So we come from a place with only 12 channels to a place with over 30 channels. Imagine the switch-over. This was the premium package. Compare it to today. I was looking at the cable box channel guide the other day. It isn’t just one HBO channel, it’s six. It isn’t just one Cinemax channel, it’s six. It’s East Coast feeds, and West Coast feeds. Forty sports channels. Twenty cooking channels. It’s countless news channels. In 1984, we were overwhelmed. In 2018, we’re drowning in entertainment options. I only wished we had a VCR, because I felt then (as I do now) the analog picture and sound was perfect. Cable television picture quality was much better than VHS/Beta quality. For a time, we had HBO and Cinemax, and The Movie Channel, which was probably my favorite for offering an incredible assortment of films and film festivals. This was my film school education. Every filmmaker would say if you wanted to know how to make films, just watch films. Technique comes from another place; the source of inspiration and style built somewhere in your psyche, and you can’t learn that in a school setting.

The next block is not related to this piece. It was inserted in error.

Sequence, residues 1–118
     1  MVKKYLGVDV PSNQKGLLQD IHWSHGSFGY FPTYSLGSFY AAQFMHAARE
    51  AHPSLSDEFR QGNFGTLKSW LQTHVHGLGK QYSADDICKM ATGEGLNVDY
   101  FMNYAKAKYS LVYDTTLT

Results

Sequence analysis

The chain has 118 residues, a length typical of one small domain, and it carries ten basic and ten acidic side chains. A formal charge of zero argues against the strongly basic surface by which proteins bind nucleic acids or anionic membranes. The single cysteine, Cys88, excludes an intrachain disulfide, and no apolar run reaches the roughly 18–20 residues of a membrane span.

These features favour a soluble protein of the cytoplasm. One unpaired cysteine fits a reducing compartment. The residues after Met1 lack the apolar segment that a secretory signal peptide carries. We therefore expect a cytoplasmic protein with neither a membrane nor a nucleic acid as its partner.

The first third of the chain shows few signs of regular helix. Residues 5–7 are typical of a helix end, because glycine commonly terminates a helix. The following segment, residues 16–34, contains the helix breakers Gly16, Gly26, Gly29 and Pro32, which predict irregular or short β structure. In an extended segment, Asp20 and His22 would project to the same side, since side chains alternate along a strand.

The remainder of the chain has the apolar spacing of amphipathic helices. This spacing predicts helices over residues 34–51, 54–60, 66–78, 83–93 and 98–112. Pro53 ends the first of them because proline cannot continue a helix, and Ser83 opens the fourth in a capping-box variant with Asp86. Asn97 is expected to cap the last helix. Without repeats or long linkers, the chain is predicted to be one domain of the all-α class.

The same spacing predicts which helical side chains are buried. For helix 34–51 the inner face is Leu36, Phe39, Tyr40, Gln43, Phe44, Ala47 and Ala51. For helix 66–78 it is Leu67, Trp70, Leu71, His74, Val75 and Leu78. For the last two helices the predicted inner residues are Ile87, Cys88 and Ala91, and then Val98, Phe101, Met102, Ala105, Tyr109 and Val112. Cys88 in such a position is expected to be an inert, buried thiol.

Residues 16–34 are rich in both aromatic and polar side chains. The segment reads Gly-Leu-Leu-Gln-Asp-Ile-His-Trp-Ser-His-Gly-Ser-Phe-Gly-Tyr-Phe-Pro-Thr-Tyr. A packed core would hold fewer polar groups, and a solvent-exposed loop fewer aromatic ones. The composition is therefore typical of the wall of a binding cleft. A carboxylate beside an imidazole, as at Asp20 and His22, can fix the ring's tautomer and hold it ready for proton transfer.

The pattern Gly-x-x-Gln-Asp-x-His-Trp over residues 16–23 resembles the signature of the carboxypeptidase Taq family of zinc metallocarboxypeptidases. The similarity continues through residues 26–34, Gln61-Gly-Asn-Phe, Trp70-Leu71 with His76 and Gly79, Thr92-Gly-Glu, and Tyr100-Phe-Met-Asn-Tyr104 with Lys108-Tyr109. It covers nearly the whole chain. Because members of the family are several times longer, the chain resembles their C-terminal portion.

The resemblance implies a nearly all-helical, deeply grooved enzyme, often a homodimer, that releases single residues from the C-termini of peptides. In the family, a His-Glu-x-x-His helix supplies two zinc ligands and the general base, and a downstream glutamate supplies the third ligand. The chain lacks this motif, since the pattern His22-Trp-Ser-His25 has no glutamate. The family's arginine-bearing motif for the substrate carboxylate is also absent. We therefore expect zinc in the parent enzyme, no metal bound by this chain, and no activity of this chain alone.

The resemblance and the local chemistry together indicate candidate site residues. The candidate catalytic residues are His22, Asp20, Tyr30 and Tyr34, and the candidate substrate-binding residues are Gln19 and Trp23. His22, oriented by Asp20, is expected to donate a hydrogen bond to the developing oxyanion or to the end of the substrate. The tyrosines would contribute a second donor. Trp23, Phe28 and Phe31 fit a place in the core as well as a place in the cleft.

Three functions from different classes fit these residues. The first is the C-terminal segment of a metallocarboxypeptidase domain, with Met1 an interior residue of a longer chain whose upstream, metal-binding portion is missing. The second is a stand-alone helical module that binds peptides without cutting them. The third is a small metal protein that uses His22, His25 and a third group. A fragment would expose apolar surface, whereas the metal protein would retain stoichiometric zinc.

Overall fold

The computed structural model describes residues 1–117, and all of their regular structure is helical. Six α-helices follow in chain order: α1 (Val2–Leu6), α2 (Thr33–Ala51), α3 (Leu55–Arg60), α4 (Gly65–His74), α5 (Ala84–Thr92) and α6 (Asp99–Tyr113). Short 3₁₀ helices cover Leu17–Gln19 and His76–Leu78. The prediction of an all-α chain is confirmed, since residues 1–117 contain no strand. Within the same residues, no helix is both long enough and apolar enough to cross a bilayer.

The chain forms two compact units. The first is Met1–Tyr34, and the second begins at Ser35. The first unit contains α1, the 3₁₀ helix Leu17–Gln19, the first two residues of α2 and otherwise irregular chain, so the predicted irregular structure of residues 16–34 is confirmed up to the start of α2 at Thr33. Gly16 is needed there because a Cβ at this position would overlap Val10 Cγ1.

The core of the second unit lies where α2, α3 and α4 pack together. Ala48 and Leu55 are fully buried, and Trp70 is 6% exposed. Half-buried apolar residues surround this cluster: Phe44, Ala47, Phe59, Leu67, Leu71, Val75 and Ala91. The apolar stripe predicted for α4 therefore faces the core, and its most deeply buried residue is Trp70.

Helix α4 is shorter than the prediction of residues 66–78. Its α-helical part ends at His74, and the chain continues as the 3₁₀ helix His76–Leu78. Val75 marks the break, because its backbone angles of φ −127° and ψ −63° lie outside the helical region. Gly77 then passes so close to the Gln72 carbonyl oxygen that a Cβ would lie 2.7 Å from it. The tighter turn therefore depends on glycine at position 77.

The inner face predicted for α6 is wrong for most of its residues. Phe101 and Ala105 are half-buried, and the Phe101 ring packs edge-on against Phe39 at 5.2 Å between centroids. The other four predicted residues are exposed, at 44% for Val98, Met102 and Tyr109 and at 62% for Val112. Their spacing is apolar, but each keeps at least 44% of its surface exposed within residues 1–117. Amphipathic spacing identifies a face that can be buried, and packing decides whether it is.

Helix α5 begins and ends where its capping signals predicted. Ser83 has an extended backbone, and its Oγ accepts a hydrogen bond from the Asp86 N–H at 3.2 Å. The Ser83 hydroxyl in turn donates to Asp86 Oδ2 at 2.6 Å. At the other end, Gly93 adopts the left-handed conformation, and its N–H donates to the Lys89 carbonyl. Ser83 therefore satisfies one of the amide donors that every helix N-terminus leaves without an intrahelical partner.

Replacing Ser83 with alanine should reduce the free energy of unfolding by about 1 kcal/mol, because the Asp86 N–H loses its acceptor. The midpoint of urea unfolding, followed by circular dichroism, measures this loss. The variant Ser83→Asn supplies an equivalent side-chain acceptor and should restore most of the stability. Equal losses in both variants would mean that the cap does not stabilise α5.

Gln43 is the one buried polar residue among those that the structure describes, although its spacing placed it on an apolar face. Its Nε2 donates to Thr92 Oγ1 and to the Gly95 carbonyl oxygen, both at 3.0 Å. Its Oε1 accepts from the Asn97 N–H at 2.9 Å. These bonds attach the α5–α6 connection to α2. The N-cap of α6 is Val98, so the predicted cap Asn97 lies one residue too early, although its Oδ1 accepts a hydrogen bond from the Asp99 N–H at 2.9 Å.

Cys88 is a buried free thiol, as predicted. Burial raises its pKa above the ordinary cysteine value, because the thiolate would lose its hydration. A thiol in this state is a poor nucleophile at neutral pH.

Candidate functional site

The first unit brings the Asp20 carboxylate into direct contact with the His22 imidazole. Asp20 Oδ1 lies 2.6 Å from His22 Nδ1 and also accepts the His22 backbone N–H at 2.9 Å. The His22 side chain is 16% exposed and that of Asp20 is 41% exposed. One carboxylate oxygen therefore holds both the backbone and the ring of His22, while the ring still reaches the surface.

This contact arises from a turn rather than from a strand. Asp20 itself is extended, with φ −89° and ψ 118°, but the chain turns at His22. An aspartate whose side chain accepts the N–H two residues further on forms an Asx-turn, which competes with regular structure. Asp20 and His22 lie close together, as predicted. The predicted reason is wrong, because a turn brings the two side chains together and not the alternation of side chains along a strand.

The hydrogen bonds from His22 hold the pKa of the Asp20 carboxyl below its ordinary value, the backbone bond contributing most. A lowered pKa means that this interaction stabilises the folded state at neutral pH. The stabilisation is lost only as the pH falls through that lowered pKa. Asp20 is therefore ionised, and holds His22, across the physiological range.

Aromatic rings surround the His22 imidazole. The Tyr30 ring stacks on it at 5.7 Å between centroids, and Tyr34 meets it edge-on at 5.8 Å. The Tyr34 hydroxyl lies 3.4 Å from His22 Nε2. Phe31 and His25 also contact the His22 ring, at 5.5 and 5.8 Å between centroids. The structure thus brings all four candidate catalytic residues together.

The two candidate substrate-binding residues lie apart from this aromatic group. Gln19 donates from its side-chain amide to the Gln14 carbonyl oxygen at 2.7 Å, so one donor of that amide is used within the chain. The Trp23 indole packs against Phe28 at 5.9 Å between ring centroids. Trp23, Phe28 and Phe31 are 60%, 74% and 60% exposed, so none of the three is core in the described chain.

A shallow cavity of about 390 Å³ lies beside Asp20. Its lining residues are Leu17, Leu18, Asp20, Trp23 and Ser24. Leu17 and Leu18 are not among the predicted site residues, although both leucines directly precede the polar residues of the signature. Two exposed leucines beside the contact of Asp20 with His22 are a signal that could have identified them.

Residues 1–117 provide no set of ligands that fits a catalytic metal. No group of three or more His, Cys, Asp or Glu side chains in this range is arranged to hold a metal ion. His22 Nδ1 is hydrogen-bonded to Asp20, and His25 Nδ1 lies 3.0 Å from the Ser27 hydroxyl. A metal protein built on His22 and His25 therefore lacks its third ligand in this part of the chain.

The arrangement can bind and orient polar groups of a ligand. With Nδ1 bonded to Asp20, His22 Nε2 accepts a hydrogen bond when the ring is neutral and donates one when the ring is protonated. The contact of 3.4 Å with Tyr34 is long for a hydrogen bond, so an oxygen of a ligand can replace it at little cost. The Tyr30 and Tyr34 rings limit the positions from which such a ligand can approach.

The Precious.